# Basis for the two particle Hilbert space

In Shankar's QM book Chapter 10 pg. 248, it was said that there are other bases possible besides $$|x_1x_2\rangle$$ for the two particle hilbert space. For example, the momentum basis, consisting of simultaneous eigenkets $$|p_1p_2\rangle$$ of $$P_1$$ and $$P_2$$.

More generally, we can use the simultaneous eigenkets $$|w_1w_2\rangle$$ of two commuting operators $$\Omega_1(X_1,P_1)$$ and $$\Omega(X_2, P_2)$$ to define the $$\Omega$$ basis, since any function of $$X_1$$ and $$P_1$$ commutes with any function of $$X_2$$ and $$P_2$$.

Did he miss out saying that the operators $$\Omega_1(X_1,P_1)$$ and $$\Omega_2(X_2,P_2)$$ need to be hermitian? Since two commuting Hermitian operators share a same eigenbasis.

Also, can the $$\Omega_1$$ and $$\Omega_2$$ operators be for example $$X_1$$ and $$P_2$$? Does it need to be the 'same' operator but acting on different particles, e.g. $$X_1$$ and $$X_2$$, $$P_1$$ and $$P_2$$?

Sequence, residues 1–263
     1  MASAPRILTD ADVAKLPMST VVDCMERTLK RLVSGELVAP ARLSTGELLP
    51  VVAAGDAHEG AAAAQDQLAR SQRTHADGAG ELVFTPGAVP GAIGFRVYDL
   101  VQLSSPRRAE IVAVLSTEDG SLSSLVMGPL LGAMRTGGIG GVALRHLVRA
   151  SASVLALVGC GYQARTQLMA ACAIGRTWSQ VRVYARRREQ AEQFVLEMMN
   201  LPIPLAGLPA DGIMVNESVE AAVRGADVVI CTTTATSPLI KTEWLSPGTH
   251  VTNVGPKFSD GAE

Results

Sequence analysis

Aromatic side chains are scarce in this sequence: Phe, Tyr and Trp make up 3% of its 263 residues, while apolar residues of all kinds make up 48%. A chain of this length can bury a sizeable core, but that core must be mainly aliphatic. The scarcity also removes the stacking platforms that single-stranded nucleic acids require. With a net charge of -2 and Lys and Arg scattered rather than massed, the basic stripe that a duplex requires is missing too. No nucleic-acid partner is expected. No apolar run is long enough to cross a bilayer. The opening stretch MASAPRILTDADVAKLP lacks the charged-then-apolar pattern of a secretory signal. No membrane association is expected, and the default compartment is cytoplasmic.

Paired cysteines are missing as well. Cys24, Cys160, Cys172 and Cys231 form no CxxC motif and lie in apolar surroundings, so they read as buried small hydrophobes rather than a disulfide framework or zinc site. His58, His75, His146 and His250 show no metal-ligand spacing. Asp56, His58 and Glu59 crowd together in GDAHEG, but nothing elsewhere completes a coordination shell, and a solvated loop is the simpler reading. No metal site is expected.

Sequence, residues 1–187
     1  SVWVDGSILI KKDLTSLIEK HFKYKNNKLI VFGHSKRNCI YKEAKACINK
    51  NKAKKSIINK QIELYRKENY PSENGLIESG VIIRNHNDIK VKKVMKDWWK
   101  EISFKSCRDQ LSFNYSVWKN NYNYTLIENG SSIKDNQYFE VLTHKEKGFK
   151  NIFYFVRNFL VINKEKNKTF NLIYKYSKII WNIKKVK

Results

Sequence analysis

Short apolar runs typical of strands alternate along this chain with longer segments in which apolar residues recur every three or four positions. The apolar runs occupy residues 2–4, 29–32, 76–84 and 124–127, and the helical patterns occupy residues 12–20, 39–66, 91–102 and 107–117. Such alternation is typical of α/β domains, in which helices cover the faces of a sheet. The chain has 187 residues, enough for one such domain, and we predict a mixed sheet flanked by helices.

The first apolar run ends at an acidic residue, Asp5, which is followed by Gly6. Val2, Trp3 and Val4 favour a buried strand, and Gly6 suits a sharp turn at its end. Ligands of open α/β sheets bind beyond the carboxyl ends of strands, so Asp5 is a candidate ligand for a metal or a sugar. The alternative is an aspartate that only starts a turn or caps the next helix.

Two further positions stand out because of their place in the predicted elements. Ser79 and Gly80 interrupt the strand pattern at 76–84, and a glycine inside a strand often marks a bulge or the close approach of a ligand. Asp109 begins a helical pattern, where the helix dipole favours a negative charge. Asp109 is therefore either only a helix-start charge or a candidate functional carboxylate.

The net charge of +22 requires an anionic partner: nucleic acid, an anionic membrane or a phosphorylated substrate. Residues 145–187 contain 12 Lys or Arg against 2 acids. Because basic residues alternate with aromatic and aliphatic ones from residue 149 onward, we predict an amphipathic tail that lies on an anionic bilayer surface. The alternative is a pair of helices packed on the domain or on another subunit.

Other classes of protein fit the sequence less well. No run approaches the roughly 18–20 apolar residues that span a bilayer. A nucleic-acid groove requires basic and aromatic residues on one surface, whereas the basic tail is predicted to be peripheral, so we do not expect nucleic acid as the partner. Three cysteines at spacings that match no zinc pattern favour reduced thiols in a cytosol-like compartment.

A two-particle Hilbert space is just a tensor product $$H\otimes H$$ for the one-particle Hilbert space $$H$$.
Essentially by definition of the tensor product, given any two bases $$\{b_i\}_{i\in I}$$ and $$\{c_i\}_{i\in I}$$ of $$H$$ (with $$I$$ an index set whose cardinality is the dimensionality of $$H$$), the simple tensors $$\{b_i\otimes c_j\}_{i,j\in I}$$ form a basis of $$H\otimes H$$. So in particular you get a basis of $$H\otimes H$$ by picking two arbitrary self-adjoint operators on $$H$$ and choosing their eigenbases for $$b_i$$ and $$c_i$$.
There is nothing special about the specific situation of $$H = L^2(\mathbb{R})$$ in quantum mechanics. You can choose any two bases you want, in particular the eigenbases of two different self-adjoint operators.
The remaining problem in your question is what $$\Omega_i(X,P)$$ is even supposed to mean. You can define a function $$f(O)$$ of a single self-adjoint operator $$O$$ via functional calculus without problems, but what is a function of two non-commuting observables like $$\Omega_i(X,P)$$ supposed to mean? Without further elaboration this is simply bad notation.
One possible interpretation is that the $$\Omega_i$$ are supposed to be polynomials, and that the ordering ambiguities in applying a polynomial to non-commuting operators are resolved always in the fashion that yields a self-adjoint operator (e.g. the function $$f(x,p) = xp$$ is turned into the self-adjoint operator $$\frac{xp+px}{2}$$). In that case it would be superfluous to "restrict" such $$\Omega_i(X,P)$$ to self-adjoint possibilities, since they would always be self-adjoint.